Federal Judge invalidates Myriad’s DNA patent sequence claims

In the Southern District of New York on March 29, 2010, a District Court Judge rejected the prevailing opinion on the patentability of DNA sequences.  The Public Patent Foundation and the ACLU sued in 2009 to challenge certain claims in Myriad Genetics Inc.’s breast cancer patents (5,747,282, 5,837,492, 5,693,473, 5,709,999, 5,710,001, 5,753,441, 6,033,857).

The plaintiffs argued that the patents were invalid as patentable subject matter under 35 U.S.C. 101, and that the USPTO’s policy of permitting DNA sequence patents violated Article I Section 8, Clause 8 and the First Amendment of the U.S. Constitution.

35 U.S.C. 101 states “Whoever invents or discovers any new and useful process, machine, manufacture, or composition of matter, or any new and useful improvement thereof, may obtain a patent therefor, subject to the conditions and requirements of this title.”

Within the patents in question, the isolated DNA sequences and the claimed comparisons of DNA sequences were challenged.  Both sets were found to be unpatentable subject matter by U.S. District Judge Robert W. Sweet.  The isolated DNA sequences were not patentable subject matter because they exist in nature.  The claims specific to the comparisons of DNA sequences were also found not to be patentable subject matter because they constituted “abstract mental processes.”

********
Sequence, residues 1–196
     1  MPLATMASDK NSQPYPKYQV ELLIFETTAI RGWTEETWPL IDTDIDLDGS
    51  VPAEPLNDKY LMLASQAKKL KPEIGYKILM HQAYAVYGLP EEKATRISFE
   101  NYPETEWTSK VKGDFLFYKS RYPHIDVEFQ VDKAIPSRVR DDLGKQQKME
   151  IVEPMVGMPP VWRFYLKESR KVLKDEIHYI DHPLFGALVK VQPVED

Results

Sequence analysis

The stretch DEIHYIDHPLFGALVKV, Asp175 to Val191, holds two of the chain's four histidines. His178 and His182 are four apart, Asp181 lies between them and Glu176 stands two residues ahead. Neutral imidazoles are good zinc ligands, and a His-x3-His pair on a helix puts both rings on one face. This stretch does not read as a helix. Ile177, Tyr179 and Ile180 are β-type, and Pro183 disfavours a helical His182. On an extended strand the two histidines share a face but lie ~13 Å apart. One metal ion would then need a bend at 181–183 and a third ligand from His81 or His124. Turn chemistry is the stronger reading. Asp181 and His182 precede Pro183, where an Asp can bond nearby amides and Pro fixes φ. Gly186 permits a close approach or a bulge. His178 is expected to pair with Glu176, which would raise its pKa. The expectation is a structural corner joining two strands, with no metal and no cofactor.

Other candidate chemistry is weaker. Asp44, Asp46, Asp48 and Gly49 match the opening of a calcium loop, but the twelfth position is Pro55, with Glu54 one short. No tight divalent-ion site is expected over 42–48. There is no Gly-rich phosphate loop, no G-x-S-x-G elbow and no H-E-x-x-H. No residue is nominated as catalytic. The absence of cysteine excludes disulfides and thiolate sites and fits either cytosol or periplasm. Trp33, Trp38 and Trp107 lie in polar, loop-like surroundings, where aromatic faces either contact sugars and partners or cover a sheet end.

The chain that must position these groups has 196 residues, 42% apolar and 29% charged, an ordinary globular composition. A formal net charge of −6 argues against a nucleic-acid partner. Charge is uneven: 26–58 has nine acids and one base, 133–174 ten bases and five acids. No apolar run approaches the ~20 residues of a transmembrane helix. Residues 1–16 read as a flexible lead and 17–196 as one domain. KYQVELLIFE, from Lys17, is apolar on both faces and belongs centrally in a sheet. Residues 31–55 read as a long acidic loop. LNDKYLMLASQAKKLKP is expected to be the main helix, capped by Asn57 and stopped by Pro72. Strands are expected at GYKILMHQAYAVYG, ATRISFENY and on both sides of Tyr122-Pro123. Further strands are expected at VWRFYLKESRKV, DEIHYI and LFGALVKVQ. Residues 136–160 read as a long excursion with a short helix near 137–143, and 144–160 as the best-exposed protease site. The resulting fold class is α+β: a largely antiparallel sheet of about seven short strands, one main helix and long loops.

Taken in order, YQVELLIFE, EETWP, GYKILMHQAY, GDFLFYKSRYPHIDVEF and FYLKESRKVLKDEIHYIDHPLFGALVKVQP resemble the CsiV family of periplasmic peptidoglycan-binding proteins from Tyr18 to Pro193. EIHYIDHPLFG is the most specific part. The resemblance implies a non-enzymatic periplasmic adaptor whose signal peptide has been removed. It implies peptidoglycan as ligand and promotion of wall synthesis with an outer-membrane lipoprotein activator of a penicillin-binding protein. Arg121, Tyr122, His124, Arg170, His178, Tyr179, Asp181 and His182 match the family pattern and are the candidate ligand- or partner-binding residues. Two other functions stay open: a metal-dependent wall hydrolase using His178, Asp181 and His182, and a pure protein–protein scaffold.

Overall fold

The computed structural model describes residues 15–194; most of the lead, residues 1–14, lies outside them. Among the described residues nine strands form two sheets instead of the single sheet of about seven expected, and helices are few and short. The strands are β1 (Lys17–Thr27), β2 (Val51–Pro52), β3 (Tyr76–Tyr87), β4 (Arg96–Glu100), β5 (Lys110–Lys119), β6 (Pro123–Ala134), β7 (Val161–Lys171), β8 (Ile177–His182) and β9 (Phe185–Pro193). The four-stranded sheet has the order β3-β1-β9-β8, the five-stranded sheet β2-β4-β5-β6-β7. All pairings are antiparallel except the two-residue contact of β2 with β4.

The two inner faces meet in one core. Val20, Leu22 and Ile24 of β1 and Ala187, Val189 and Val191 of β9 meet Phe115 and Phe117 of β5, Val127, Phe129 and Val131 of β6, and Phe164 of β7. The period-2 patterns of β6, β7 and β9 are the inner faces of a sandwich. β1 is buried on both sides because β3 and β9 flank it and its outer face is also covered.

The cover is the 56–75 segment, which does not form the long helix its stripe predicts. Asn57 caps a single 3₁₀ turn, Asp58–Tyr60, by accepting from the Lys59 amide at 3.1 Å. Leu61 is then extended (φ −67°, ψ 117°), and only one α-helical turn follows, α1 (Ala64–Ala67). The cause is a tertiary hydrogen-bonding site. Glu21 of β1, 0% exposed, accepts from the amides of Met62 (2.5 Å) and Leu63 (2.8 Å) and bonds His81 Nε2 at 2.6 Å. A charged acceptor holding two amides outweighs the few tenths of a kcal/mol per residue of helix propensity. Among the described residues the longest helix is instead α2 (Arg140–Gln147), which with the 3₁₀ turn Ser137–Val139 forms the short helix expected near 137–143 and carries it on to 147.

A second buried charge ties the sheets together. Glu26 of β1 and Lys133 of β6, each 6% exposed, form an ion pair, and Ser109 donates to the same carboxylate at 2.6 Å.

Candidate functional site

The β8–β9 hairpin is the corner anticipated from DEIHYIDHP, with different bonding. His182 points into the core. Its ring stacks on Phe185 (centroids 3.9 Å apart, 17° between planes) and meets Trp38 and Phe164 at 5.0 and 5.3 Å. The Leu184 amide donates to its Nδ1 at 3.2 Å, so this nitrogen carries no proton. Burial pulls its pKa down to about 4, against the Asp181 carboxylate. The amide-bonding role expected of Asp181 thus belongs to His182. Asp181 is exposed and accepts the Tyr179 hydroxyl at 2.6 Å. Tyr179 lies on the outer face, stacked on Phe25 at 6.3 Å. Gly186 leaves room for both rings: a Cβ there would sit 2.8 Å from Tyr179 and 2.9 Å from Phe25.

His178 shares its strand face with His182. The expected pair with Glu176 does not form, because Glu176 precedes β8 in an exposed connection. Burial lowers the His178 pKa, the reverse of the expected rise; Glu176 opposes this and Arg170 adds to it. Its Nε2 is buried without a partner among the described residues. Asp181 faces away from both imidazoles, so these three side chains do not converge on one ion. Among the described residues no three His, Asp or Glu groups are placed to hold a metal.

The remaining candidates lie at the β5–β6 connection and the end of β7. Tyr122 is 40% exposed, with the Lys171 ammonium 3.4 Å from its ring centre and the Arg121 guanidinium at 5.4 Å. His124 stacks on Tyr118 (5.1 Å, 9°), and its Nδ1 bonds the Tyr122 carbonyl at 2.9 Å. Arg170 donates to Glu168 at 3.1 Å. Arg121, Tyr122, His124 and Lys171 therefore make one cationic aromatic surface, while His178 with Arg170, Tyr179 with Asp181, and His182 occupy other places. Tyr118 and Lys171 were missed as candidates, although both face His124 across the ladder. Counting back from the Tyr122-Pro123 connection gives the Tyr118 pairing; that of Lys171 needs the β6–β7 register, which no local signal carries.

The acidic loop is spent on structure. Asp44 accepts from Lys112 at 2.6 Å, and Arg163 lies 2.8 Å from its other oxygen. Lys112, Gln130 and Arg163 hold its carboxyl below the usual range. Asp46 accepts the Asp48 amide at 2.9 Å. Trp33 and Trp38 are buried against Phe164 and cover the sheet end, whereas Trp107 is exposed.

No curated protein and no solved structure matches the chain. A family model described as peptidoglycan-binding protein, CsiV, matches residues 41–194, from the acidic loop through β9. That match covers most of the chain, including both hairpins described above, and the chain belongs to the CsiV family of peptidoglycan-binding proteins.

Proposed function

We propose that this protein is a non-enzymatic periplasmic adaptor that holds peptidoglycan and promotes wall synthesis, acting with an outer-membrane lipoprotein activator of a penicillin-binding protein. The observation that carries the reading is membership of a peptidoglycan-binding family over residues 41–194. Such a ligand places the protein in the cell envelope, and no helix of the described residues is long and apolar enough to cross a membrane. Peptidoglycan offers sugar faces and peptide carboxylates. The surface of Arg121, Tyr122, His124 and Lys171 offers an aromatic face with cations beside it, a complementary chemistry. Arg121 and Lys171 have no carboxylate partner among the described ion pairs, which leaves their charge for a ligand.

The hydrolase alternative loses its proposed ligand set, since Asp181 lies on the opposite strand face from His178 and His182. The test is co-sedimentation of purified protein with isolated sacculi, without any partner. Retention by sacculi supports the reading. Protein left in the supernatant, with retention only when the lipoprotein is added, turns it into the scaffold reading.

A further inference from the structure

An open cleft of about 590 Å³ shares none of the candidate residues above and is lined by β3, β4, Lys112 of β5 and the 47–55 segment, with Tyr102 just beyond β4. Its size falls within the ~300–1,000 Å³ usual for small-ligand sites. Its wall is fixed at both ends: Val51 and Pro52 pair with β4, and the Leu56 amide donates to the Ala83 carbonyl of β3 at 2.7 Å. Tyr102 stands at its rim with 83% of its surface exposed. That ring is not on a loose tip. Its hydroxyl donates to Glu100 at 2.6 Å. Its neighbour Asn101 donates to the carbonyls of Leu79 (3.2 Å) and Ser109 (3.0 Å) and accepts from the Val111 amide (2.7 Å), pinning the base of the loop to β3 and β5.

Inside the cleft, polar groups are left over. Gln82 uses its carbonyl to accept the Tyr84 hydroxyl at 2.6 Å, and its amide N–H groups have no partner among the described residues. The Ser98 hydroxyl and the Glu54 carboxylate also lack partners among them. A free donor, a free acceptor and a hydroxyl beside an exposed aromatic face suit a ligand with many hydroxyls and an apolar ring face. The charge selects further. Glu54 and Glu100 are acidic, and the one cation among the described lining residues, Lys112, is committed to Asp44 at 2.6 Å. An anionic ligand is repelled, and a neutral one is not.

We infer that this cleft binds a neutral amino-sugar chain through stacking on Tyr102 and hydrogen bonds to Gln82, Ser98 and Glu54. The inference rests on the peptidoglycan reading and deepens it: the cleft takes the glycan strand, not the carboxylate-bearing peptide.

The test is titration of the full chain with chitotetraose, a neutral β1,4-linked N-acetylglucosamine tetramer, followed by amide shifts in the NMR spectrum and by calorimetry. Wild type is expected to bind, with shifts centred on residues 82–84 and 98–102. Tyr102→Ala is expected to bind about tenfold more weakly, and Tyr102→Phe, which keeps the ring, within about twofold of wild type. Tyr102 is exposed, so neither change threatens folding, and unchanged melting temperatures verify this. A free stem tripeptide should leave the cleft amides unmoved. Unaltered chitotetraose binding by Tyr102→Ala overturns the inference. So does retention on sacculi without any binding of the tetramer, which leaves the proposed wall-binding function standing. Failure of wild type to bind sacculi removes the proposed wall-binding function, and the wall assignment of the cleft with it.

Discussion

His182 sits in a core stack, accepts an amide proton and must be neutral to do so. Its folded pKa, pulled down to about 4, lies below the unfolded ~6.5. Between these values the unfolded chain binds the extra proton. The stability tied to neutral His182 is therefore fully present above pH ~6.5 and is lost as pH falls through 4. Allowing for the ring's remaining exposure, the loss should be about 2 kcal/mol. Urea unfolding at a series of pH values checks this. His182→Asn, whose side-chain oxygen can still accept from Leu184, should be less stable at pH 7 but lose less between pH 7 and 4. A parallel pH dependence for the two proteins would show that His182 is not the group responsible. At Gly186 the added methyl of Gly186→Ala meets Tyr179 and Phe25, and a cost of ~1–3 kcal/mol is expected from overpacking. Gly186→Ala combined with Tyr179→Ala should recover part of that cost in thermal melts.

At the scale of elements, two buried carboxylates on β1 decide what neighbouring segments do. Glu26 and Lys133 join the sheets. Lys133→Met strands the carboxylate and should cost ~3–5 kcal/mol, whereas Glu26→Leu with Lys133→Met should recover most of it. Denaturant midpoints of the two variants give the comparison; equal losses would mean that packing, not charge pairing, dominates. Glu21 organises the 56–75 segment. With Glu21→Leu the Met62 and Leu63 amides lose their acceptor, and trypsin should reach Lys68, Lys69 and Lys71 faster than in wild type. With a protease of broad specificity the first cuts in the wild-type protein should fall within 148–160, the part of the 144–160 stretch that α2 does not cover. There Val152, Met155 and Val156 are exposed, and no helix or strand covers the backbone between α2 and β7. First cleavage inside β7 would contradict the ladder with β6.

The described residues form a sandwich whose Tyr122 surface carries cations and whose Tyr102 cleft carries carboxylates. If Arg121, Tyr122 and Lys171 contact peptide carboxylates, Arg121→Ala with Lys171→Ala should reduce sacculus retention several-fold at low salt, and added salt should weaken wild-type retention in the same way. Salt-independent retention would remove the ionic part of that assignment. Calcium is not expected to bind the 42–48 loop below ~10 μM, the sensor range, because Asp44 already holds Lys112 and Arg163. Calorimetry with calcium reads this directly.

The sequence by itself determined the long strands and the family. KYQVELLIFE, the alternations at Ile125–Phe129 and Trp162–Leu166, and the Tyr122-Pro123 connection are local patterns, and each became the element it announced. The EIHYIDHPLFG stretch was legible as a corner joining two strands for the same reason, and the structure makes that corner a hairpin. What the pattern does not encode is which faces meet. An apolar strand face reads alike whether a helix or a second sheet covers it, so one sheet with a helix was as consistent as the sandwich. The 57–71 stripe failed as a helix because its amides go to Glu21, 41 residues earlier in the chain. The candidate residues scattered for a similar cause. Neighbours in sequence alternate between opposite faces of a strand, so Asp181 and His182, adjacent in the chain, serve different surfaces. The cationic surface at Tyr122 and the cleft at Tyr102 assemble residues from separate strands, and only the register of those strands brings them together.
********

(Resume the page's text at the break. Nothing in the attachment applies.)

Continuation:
Individual DNA sequences were found not to fall within the purview of 101 because isolating and purifying DNA didn’t mean that the same physical embodiment of biological information that was isolated as a process didn’t already exist in nature.  The judge criticized the lawyer’s trick that permitted the patenting of processes to get around the idea that directly patenting DNA in human bodies does not patentable subject matter.  The court found that there were not enough “markedly different characteristics” between the isolated DNA and what occurs in nature.

The comparison method claims quickly failed the CAFC’s “machine or transformation test” because the methods were neither tied to a machine, nor did they tangibly transform anything.  Process claims that fail the “machine or transformation” test are considered to be “abstract mental processes.”  As a result the claims comparing DNA sequences as processes were found to be unpatentable subject matter.

Judge Sweet’s decision didn’t address the constitutionality question raised by the plaintiffs citing “constitutional avoidance.”

The result of Judge Sweet’s decision means that the decision will likely now go to the CAFC, who will likely reverse or narrow the District Court decision.  The next step after that is up to the Supreme Court, where the hot-button issue will likely be heard in the next few terms.  It is uncertain as to how the Court will decide this issue, but the decision will have far-reaching implications for DNA patents.  Upholding the decision may increase access to DNA treatments by removing royalty or licensing costs.  On the other hand, investment in complex DNA treatment research may become less likely because of the difficulty securing patent protection.  Whatever the future holds, yesterday’s decision is certainly a marked departure from the current approach to DNA sequence patents.

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